Donald Trump’s public statements have changed in line with advice from his lawyers, a legal expert has suggested.
Harry Litman, a former US attorney and former deputy assistant attorney general for the Western District of Pennsylvania, wrote on X, the platform formerly known as Twitter, on Monday night that the former president “continues to employ the same braggadocio. But listen carefully, he’s begun to pepper his proclamations with hedges, such as ‘in my opinion’ or ‘that’s what I think.’ That’s lawyer-prescribed to try to shield him from outright lies”.
One example of this came when Mr Trump was speaking to Megyn Kelly of SiriusXM.
Mr Trump insisted that there’s no “ritual” to declassifying secret information as he argued that he was allowed to have the boxes of files found at Mar-a-Lago which led to one of the indictments against the former president.
“We have a deranged guy named Jack Smith who has been overturned at the Supreme Court a number of times, and he gets overturned ... because he goes too far,” Mr Trump told Ms Kelly. “They don’t even mention the Presidential Records Act. This is all about the Presidential Records Act.”
“I’m allowed to have these documents, I’m allowed to take these documents – classified or not classified. And frankly, when I have them, they become unclassified. People think you have to go through a ritual – you don’t, at least in my opinion, you don’t,” Mr Trump added.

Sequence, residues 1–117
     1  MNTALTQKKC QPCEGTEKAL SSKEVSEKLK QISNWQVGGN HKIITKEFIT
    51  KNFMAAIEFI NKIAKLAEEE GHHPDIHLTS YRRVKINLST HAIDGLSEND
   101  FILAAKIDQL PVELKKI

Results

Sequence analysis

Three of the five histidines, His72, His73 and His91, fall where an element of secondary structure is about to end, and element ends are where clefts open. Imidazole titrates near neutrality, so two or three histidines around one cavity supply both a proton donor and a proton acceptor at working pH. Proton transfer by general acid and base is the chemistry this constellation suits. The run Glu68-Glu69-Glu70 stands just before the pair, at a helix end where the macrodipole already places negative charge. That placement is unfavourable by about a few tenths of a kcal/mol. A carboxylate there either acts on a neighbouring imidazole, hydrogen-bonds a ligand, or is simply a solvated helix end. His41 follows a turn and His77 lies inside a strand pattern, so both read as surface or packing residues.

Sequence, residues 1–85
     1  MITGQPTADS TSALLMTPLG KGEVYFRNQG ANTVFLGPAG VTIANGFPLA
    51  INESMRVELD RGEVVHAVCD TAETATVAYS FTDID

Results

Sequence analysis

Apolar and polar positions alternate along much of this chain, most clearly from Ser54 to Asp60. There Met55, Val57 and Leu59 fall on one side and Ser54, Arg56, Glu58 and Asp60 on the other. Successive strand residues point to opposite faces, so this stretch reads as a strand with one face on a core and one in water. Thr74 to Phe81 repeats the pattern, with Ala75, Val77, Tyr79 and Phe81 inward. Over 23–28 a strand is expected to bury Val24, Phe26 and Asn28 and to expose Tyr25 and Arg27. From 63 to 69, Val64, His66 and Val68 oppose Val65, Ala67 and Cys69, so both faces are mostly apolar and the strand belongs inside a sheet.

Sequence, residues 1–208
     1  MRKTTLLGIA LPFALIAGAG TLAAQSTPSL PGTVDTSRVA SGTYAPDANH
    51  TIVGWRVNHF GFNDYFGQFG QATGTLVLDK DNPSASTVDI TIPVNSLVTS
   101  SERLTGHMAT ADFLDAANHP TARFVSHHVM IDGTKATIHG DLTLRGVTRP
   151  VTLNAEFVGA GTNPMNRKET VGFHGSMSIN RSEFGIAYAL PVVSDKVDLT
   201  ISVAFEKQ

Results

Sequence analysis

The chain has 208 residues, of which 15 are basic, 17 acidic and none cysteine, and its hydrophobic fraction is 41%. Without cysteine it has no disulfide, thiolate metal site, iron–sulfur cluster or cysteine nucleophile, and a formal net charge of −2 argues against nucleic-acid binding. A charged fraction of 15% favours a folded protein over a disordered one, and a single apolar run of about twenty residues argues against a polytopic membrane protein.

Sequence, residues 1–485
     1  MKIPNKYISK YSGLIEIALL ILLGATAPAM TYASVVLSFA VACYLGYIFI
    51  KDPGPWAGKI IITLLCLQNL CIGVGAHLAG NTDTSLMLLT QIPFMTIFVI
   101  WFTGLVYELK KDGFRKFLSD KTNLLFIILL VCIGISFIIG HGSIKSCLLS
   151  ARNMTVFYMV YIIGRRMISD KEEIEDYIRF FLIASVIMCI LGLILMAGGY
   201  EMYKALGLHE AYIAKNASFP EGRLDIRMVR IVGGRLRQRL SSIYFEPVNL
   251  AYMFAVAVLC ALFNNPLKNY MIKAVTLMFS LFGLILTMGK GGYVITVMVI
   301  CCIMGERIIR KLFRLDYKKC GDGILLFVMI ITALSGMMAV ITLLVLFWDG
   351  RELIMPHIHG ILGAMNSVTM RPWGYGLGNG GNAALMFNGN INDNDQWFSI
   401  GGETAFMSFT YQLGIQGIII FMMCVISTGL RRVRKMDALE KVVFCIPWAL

Trump on taking classified documents: “I’m allowed to have these documents. I’m allowed to take these documents…When I have them, they become unclassified. People think you have to go through a ritual. You don’t, at least in my opinion.” pic.twitter.com/IAkdGsGnWo
— Republican Accountability (@AccountableGOP) September 14, 2023
But a number of social media users didn’t seem to think slipping in “in my opinion” would help Mr Trump in the courts.
Responding to Mr Trump’s comments to Ms Kelly, Jennifer Rubin, a Washington Post columnist, wrote that it was “another public confession. Like taking candy from a baby”.
Conservative anti-Trump lawyer George Conway also noted that Mr Trump appeared to be making comments putting him in further legal jeopardy, saying that “interviewers should be required to read him his rights”.
“Credit to @megynkelly for letting him confess to the crimes in the indictment. She’ll see this played at the trial by the government,” Bradley Moss added.
“I want Dude to say this to Jack Smith in open court during his criminal trial,” Tony Michaels said.
Mr Trump’s shift in language comes as Mr Smith’s office has asked for a narrow gag order from Judge Tanya Chutkan in the federal election interference case against Mr Trump in Washington DC to prevent him from attacking possible witnesses and jurors.